Sharing a same influence within the oriental culture, the Japanese children in certain countryside areas also observe the custom of presenting Tet’s wishes just like the band of “suc sac suc se” in Vietnam, but their “scenario” is much better prepared and organized. This is the ceremony of “performing a horse dance” that takes place on the 15 th of the first lunar month of each year. A band of 5 or 7 children prepares in advance a fake horse (they apply make ups for the head, the tail and use a blanket to cover the horse-back). This fake horse is played by 2 children just like the dragon dance in Vietnam but not as lively as the Vietnamese dragon dance. They just step forward a few paces, then withdraw, then step forward again, then withdraw again ... in accordance with single drum beat and a song with only one refrain. After the horse dance comes an one - man act showing a single man carrying strenuously a package of straw plaited round like a pillow with a string pasted to its middle to facilitate the actions of putting the package of straw on the ground, out of the actor’s hand reach, then picking it up and draw it towards the actor’s body. While the one-man act is performed the children always have it accompanied by the sound of drumbeats and a song.
b. A group of amulet singers
In Phu Tho, Hoa Binh and Thanh Hoa provinces, the Muong people have a similar custom. The band of amulet singers from five to twenty people (not children) enter the houses in the village to greet their members. When the group comes, the house-owner greets them with many covillagers (but his door must be shut according to custom). The group beats a gong and the first man sings a “song to open the door” :
“The old year is out
The old Tet is gone
Embarking on the new year
Once in a year
What house shall we go ?
Let us enter this house
The inside door is bolted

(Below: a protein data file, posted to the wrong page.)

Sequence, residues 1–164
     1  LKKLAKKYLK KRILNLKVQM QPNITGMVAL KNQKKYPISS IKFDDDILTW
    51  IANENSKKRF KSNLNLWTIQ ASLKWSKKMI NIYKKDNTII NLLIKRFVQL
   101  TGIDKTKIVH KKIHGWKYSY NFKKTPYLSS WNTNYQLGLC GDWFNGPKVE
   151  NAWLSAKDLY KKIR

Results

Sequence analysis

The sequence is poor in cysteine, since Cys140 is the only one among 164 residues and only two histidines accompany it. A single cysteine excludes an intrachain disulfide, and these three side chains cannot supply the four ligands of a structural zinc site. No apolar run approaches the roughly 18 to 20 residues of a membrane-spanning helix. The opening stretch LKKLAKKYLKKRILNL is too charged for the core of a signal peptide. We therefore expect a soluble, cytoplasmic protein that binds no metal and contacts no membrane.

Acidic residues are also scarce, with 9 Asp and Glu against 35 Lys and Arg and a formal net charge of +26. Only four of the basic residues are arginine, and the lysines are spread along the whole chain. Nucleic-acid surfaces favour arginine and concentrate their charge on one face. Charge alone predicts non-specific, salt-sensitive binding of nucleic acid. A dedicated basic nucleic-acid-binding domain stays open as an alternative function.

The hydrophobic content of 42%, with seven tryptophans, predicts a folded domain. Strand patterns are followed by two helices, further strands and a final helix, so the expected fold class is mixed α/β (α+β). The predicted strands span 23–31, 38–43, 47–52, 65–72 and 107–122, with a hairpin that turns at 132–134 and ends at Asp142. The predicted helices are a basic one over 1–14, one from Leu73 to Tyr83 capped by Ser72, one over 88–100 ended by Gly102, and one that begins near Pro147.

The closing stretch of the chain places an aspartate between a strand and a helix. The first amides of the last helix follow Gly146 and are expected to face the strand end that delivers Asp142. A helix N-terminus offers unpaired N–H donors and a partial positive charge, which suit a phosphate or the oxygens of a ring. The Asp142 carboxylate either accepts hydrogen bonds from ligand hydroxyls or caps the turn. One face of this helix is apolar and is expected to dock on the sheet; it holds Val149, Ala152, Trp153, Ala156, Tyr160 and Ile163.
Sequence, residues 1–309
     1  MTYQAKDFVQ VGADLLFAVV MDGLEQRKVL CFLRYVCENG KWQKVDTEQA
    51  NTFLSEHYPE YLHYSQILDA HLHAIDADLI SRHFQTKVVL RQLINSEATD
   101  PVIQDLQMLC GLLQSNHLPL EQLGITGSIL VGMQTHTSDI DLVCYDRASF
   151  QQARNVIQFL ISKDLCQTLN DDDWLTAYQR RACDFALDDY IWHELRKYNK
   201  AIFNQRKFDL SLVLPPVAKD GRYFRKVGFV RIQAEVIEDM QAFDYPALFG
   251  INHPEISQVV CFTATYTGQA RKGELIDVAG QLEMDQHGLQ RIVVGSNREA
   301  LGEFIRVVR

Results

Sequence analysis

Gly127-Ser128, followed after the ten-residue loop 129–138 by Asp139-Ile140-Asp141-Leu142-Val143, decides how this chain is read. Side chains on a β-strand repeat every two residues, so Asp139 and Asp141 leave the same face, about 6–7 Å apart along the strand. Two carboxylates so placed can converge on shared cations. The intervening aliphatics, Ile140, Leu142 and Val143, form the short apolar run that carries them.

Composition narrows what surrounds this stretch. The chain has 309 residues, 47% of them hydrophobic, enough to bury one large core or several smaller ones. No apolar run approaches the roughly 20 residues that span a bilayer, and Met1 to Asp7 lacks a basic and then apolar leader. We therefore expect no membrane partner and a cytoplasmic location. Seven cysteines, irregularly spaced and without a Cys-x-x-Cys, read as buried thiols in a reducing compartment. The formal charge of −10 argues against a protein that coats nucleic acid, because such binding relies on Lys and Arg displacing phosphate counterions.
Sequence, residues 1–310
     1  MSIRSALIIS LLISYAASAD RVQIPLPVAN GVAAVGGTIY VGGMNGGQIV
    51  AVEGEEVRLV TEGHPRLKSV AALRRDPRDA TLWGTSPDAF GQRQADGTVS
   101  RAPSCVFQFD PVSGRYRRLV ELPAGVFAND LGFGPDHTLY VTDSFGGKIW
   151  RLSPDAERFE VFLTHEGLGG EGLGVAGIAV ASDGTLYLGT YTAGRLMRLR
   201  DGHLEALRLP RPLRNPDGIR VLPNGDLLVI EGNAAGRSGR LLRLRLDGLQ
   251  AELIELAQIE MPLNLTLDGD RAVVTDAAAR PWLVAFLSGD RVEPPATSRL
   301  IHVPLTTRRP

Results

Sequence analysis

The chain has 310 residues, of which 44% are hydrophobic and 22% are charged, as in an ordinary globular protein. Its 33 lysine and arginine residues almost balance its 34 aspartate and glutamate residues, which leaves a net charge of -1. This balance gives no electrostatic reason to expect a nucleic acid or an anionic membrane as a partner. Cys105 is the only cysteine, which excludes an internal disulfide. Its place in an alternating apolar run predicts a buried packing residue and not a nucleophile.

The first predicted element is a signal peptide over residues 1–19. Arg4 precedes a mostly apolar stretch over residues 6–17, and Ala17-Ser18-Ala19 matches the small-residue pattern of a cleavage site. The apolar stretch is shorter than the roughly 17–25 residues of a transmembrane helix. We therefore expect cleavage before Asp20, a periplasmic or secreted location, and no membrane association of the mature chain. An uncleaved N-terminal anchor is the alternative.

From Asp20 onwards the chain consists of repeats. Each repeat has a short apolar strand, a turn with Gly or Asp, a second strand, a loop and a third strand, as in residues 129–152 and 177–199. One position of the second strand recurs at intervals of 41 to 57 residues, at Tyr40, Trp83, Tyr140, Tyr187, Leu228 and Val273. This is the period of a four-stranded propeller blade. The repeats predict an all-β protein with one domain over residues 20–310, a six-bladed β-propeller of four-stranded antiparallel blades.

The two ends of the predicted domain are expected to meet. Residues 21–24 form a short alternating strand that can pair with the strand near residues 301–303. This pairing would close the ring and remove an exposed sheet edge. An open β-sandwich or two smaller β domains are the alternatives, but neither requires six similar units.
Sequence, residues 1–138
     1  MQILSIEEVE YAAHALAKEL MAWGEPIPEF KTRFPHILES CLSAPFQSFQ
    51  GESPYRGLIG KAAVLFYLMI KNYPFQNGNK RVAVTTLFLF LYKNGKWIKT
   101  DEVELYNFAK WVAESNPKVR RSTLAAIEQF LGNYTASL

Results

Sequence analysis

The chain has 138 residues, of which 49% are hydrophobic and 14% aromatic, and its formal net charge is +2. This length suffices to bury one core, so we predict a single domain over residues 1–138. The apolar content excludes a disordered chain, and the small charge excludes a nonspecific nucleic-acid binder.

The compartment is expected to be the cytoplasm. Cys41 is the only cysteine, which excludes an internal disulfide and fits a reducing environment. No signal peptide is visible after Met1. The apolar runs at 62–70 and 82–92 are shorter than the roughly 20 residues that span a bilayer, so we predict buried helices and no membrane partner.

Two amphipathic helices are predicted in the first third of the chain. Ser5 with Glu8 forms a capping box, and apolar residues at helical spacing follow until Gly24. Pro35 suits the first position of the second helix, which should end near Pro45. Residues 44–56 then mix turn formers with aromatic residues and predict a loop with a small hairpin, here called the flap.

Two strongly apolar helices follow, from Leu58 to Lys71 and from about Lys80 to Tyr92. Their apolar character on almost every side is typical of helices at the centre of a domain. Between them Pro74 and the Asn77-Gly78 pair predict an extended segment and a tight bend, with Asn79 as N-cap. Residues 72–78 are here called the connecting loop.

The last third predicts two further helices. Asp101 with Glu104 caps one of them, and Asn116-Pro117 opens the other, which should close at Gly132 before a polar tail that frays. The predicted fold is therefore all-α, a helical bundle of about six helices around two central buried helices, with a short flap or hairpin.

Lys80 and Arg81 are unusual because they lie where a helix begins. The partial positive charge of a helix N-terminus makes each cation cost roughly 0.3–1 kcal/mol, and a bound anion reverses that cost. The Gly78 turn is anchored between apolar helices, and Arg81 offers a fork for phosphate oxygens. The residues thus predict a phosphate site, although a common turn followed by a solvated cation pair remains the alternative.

The outside door is shut
Let us beat our gong mong mong
Let us beat our gong mong mop...”
Once the song ends, the door is opened and the band enters while beating its gong. Then comes a song of greetings :
“Our group of amulet singers
comes to your house
We see that your house pillars are made of “trai” wood inside.
We see that your house pillars are made of sandal wood outside.
Your buffaloes and oxen are plenty in the yard
The buffaloes are tied here and the oxen, there
Your sticky rice will last through- out May
In front are many rows of.peach blossoms
The hedge is lined with beautiful pine-trees
The peach trees give many flowers this year
The areca-nuts are also laden with fruit...”
In the sound of song and gong the house-owner elatedly receives the long greetings then gives the band presents (rice and so on...) The band continues its tour (*) .
At the same time, another boy solemnly presents himself before the master of the house, who is sitting there to watch them, to offer an “amulet” and also to receive an “envelop” or some gifts. The Japanese children have a plan to come to each house in the area at an appointed
Outside the sun is setting, the weather is cold, sometimes it drizzles - a sorrowful scene like a sending-off. In many places people invite their ancestors to come home and receive offerings, or they take incense and votive paper money to their graves; but in many other places they only light incense sticks on the altars of the Genius of the hearth and of their ancestors. Beside offering cakes and fruit, they prepare an afternoon meal and ask the souls of their forefathers to come home to enjoy Tet with their offsprings. Then they take a rest and wait for the new year.
(*) BUI VAN KINH, MAI VAN TRI, NGUYEN PHUNG (Contribution to the understanding of Hoa Binh provinc) Hoa Binh Culture and. Information service, 1972, pp 28-29 and 40.
Why do the Vietnamse place sugar cane near by their ancestral altar?
Legend and tradition want to use the sugar cane as walking-sticks for ancestors when they come back to enjoy the Tet time with their descendants.
(According to G. PISIER- “Indochine” Nos. 75-76 dated Feb.5 12, 1942 - Pages 17, 18. and 19)
Why do people fire crackers at Tet time?
This is because the booming of crackers brings about a sense of joy, happiness and enlivening for the Vietnamese. For that reason, people also fire crackers on occasions such as entertainments, weddings and mournings.
However, one can be sure that this custom also bears a superstitious nature: An old story, recorded in the work entitled “Kinh so tue thoi ky” (Calendar of the Kinh So land), reads as follows : The evil spirits and ghosts on the mountains like to take possession of the bodies of living persons. They create several dangerous illnesses, often engendering deaths, but they are quite afraid of the boom of crackers. Therefore, one needs only fire a lot of crackers to rout them.
This old story was told to us by an old Confucian scholar, but we feel that we ought to give it a further study, as it’s still the subject of many debates-”
(According to G. PISIER “Indochine” Nos. 75-76 dated Feb.12, 1942 - Pages 17, 18, and 19)